On June 19th 2020, USCIS issued a “Statement” in regard to the Supreme Courts’ decision on DACA. The statement called out the Supreme Court, saying that the high court’s decision “has no basis in law” and then follows with other legal conjectures and conclusions which demonstrate an alarming and improper bias at a government agency.
They made it pretty clear that their leadership had a total disregard and a lack of respect for the foundations of our judicial system. In fact, USCIS blatantly ignored the fact that the Supreme Court rejected their claim that the DACA was an illegal program.
USCIS was created after 9/11 to be the adjudicatory arm of the Department of Homeland Security (DHS). USCIS mission statement: “U.S. Citizenship and Immigration Services administers the nation’s lawful immigration system, safeguarding its integrity and promise by efficiently and fairly adjudicating requests for immigration benefits while protecting Americans, securing the homeland, and honoring our values.”
But, on June 19th, it seems as though their mission went out the window when USCIS posted about DACA and how the Supreme Court, the highest court in the land, handled the case. USCIS’s mission is to administer the law and specifically to “efficiently and fairly adjudicate requests for immigration benefits” as stated in its mission statement. But here USCIS was out of line by trying to declare what is or is not legal, which the Supreme Court will always have the final word on anyway.
It is not up to USCIS to determine which programs or applications they will or will not adjudicate. The June 19th statement amounts to not only inappropriate bluster, but it further undermines the agency’s waning integrity by evincing clear bias and politicized motivations.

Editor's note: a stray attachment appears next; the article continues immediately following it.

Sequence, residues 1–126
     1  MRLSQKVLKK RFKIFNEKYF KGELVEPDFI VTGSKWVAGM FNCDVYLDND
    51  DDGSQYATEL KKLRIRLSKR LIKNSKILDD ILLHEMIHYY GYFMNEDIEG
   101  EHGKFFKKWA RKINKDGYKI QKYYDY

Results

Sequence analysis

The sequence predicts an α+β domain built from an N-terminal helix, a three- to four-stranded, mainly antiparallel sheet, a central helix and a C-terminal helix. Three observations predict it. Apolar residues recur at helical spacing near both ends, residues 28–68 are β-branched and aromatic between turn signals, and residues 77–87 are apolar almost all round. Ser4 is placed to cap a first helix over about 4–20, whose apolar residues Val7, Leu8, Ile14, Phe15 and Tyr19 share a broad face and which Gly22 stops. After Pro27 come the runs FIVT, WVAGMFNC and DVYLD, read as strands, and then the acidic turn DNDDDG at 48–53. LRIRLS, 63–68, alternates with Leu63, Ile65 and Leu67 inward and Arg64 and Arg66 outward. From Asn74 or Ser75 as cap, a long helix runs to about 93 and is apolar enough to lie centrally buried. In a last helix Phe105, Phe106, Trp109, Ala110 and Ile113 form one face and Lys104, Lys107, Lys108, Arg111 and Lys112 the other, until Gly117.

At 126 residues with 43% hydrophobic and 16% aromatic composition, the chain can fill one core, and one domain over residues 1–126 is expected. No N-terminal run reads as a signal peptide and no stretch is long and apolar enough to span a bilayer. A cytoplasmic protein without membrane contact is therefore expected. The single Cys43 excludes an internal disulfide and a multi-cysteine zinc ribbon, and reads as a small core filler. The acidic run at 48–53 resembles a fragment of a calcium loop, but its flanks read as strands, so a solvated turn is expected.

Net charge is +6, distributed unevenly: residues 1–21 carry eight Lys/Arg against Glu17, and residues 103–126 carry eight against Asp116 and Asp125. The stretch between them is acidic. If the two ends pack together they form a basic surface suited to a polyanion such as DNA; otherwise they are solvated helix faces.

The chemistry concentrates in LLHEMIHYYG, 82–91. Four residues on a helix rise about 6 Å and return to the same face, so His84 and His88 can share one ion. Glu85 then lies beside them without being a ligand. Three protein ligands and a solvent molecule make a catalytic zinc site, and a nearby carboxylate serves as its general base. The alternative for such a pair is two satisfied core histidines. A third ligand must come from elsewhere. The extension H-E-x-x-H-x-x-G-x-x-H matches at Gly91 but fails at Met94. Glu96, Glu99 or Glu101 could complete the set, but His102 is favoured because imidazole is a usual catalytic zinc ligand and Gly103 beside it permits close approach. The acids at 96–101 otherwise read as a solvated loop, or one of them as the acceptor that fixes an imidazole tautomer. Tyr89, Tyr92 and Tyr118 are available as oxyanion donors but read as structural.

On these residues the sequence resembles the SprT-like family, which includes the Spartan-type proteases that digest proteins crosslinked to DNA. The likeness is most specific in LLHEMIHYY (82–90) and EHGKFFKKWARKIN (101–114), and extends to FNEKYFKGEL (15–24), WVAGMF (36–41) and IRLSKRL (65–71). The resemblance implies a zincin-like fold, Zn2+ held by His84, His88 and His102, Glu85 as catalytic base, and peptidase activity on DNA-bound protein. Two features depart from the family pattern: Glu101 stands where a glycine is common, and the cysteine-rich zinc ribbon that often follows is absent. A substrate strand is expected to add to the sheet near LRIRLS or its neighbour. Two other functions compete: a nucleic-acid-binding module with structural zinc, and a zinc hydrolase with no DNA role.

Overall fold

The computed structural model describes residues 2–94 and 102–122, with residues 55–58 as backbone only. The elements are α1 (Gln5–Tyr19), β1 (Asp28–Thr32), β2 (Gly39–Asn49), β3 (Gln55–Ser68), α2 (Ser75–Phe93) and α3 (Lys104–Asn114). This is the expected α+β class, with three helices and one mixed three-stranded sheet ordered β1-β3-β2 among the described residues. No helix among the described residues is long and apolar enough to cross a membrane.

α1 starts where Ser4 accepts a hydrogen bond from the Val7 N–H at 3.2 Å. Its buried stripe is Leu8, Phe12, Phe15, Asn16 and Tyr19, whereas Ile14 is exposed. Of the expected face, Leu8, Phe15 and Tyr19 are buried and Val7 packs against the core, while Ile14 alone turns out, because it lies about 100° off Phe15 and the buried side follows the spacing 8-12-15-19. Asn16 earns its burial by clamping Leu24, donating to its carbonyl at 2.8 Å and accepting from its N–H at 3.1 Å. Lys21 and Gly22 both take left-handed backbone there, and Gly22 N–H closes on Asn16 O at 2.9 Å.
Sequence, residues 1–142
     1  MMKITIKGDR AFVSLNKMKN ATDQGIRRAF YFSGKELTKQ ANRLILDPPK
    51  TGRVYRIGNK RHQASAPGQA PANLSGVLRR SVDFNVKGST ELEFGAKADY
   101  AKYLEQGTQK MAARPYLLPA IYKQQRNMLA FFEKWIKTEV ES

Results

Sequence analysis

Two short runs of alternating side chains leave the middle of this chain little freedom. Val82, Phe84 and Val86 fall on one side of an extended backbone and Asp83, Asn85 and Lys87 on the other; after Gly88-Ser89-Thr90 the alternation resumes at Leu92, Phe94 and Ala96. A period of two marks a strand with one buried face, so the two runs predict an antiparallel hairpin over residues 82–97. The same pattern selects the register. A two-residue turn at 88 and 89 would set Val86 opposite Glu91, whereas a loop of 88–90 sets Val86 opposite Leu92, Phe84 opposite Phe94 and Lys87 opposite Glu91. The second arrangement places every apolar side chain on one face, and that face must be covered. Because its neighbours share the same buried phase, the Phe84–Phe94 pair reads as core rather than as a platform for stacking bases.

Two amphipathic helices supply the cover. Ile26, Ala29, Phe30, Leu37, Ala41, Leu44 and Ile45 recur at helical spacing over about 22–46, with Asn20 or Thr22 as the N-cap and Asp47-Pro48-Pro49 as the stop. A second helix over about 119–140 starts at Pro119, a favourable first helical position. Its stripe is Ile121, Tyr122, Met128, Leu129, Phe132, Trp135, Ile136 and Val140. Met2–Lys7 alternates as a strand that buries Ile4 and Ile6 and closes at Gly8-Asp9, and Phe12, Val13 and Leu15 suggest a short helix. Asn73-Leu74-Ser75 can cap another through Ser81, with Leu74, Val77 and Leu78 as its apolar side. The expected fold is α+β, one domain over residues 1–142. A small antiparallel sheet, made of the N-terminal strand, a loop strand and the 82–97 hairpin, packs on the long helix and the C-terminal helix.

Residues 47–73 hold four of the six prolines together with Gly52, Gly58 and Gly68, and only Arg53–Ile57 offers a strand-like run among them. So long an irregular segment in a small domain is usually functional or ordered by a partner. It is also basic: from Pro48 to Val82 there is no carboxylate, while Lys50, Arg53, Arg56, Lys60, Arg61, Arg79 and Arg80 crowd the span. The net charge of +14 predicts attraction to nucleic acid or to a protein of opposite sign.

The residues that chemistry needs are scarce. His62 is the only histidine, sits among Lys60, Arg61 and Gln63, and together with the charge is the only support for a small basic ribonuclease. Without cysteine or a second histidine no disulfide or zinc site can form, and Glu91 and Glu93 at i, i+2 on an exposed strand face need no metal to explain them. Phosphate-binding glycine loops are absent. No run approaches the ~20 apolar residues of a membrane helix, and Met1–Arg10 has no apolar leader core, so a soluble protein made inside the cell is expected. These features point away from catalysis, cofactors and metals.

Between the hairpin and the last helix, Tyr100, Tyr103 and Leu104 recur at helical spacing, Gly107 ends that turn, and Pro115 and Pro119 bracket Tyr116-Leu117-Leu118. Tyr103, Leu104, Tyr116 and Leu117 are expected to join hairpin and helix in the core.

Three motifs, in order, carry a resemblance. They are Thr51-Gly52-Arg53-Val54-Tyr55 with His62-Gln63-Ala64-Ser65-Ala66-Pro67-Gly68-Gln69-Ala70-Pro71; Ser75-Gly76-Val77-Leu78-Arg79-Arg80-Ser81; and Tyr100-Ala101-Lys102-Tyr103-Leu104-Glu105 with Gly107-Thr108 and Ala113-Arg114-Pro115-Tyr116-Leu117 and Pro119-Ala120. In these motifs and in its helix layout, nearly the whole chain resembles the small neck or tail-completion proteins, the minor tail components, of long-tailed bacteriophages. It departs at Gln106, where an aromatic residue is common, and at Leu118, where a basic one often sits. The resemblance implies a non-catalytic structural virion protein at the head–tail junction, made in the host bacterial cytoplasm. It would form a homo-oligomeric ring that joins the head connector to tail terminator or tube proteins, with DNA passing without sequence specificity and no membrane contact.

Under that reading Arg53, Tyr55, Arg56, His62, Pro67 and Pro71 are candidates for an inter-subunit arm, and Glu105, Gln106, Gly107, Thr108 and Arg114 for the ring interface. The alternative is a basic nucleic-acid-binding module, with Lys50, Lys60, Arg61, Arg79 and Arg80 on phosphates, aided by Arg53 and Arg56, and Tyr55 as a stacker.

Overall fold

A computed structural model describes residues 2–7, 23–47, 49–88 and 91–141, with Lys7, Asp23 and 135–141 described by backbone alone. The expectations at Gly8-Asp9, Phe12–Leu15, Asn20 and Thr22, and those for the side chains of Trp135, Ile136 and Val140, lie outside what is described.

No one will argue that our system doesn’t need reform. In fact, USCIS is overworked, under-resourced, and in dire need of Congressional intervention. However, the fact the agency needs reform doesn’t mean it can cast aside its responsibility to serve as a fair and impartial agency. Perhaps now more than ever, government institutions must strive to restore the faith of Americans in the integrity of government.
This latest political tirade by a spokesperson at USCIS makes it all the more clear that Congress must pass the Case Backlog and Transparency Act of 2020 which would ensure much-needed accountability at the agency and send a clear message that Congress and the Judiciary are equal branches of government as our Constitution dictates.
EB-5 (Immigrant Investor) Filings Drop to Seven a Month vs. 10,000 a Year
The scandal-plagued immigrant investor (EB-5) program has hit a new low.
The ceiling on the number of visas is 10,000 a year, yet in the first three months of 2020, there were exactly 21 applications filed. In the same period one year earlier, the total number of applications was 1,808.
EB-5 is the program that rewards an alien investor with a family-sized batch of green cards when the investor plunks down a suitable amount in a DHS-identified, but not guaranteed, investment. The stake is usually in a 1 percent a year de facto loan in urban real estate. Big city developers love getting money at this rate.
There have been a large number of instances in which U.S.-based middlemen have cheated, or sought to cheat, the alien investors, as we have reported from time to time.
One of the main reasons for the recent sharp fall in the number of would-be investors is because, in November of last year, DHS upped the minimum ante (after 25 years of not doing so) from $500,000 to $900,000. The same set of regulations also narrowed the definition of areas that could be invested in, eliminating at least some of the prosperous areas that had formerly been used for most of these investments via a sort of gerrymandering.
Read about USCIS’s 5-5-million-applications-pending